When driving off-road, airing down tires is helpful for both traction and comfort.
I’ve been using this ARB tire deflator for years, and it’s still working like champ. Built with brass and other quality materials, it’s constructed well and comes with a durable pouch.
The simple device threads onto a tire valve, and engages the valve core. You turn the knob counter-clockwise to remove the valve core, and it stays inside the fitting. With the valve core removed, you can pull back on the brass valve to release air from the tire. If you want to check your pressure, push the valve back in to stop the air flow, and read the pressure. Repeat until you’ve hit your desired air pressure.
Once finished, push the knob back in and turn clockwise to reinstall the valve core. Remove the deflator from the tire valve, replace the valve cap, and you’re good to go.
I haven’t had a valve core failure yet, but I carry spare valve cores and a valve core tool in case I need to replace one.
With my current setup, I lower my tire pressure to 10 psi before I hit the trails. I only go this low because I have beadlock wheels made by Hutchinson. With a standard wheel, I’d stay above 15 psi, depending on your vehicle weight and driving style.
With a standard wheel, you’re more likely to break the bead and have the tire come off the wheel when you’re running at super low pressures. Beadlock wheels prevent that by firmly attaching the bead of the tire to the wheel using hardware, rather than relying on air pressure.
You don’t even need an ARB style deflator – you can use special screw-on valves with preset tire pressures, or just let the air out of the valve with a key. However, I do recommend the ARB deflator as it makes quick work of deflating the tires. My 34” Cooper ST Maxx tires drop from 40 psi to 10 psi in just a minute and a half each with the ARB deflator.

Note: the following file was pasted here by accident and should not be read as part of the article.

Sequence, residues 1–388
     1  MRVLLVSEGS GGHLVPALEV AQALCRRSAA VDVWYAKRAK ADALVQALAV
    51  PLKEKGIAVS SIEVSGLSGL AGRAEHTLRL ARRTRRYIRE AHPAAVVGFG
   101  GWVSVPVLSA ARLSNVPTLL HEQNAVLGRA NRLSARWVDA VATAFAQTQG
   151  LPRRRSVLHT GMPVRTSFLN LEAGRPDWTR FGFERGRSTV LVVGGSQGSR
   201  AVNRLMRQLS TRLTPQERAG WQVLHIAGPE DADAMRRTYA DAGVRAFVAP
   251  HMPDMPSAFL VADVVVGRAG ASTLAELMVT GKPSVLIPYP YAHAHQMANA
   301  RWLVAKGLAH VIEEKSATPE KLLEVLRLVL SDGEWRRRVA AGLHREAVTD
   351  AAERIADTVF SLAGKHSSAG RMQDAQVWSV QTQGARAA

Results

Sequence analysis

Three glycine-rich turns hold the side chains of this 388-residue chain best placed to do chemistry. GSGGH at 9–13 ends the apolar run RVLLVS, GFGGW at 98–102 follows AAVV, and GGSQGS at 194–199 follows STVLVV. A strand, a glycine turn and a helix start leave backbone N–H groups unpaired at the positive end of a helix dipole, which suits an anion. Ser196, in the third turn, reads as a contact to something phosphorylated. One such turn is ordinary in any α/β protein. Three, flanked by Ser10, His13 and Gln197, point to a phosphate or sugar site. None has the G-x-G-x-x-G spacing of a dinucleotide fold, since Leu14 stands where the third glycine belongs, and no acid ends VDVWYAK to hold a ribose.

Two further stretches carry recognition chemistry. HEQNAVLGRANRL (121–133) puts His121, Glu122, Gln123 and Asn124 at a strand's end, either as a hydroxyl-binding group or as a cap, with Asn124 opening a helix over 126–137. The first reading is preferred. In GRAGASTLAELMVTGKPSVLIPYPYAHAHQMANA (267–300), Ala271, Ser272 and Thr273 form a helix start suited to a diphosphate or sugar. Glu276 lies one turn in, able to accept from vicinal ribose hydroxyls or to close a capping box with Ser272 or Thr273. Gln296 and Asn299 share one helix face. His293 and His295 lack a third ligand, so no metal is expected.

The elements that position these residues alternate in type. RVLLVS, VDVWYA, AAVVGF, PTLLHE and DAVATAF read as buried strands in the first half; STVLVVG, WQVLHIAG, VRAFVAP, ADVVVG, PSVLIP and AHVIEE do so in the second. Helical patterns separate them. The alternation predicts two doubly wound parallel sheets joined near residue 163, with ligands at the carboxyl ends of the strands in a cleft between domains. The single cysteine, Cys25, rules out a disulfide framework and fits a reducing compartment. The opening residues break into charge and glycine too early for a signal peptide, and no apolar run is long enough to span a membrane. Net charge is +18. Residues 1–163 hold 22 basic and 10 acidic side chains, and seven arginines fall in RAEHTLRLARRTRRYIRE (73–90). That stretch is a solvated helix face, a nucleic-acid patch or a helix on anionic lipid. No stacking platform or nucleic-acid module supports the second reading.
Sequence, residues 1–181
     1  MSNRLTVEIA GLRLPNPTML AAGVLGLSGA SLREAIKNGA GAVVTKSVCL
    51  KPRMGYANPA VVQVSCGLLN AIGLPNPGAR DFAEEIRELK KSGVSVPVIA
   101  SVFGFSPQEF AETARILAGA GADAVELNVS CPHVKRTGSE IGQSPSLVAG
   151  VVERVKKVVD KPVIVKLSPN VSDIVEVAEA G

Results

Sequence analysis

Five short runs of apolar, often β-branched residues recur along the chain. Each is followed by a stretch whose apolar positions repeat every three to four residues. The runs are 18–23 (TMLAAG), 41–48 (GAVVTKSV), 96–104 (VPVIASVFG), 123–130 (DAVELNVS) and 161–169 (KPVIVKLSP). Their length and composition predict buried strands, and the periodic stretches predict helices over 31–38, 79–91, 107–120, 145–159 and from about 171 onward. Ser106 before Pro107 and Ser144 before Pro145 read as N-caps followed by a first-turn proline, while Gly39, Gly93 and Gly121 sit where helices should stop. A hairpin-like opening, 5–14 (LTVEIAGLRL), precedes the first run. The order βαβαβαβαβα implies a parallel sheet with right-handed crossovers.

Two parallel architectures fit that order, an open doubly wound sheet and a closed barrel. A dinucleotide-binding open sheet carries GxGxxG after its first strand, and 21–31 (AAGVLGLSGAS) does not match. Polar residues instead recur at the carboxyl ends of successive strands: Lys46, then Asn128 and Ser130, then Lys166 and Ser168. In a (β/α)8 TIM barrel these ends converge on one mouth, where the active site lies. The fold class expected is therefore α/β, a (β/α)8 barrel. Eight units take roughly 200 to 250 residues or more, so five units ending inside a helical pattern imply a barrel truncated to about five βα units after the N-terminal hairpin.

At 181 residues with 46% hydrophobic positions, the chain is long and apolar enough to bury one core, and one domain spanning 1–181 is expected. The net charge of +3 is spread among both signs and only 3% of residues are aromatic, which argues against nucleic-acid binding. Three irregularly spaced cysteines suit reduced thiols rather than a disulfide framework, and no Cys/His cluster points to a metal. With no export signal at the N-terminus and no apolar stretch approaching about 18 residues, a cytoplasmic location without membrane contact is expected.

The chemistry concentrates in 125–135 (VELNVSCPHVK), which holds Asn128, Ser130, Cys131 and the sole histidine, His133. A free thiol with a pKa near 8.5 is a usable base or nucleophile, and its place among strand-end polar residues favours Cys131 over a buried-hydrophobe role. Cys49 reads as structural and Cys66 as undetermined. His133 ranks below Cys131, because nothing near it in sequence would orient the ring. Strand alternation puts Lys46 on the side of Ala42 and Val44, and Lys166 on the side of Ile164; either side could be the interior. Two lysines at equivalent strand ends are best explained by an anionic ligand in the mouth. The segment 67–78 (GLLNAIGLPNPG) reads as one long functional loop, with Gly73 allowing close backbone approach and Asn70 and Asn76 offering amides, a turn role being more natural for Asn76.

If you haven’t tried airing down yet, I highly recommend it. It’s one of the cheapest and easiest ways to improve your off-road driving experience. Once aired down, your ride comfort will improve greatly as the tires cushion the vehicle and conform to the contours of the road or trail. Washboard roads are smoother and rocky trails don’t feel like your teeth are going to rattle out of your head.
In addition, airing down gives your tires a bigger contact patch, increasing your vehicle’s off-road traction. With more surface area of your tire touching the ground, there’s more to grip. This is especially helpful in low traction environments like mud, sand and snow. More grip also means more effective movement on the trail, with less wheel spin and gas needed, and less damage to the trail.
Airing down is so effective that I’ve seen people who got stuck off-road do nothing more than deflate their tires a little, and get moving again.
Tires at low pressure will also wrap around obstacles like rocks better, again providing more traction than a high pressure tire.
As I mentioned earlier, be careful not to air down too much or you may lose the bead on your tire. Also, tires aren’t meant to be run at low pressures on the street, so make sure to air back up before you head home. When run at higher speeds, the tire could heat up more quickly, leading to premature wear and damage.
I try to only use aired-down tires on trails, but if I have to drive on pavement for a while, I try to keep my speeds under 50 mph.
One downside to airing down is that you need to figure out how to air back up before the trip home. Some people use CO₂ tanks or portable compressors, while others just find a gas station. I use an ARB twin compressor mounted in my engine bay. It’s not the most ideal location, as compressors work best with cool air, but I have to open the hood to use it anyway, and it tucks away nicely behind the intake. This compressor airs up my tires relatively fast – takes just two to three minutes to air up from 10 psi to 40 psi.
The whole airing down process is a little bit of a hassle, but if you’re going to be off-road for more than a half hour, I’d say it’s totally worth it.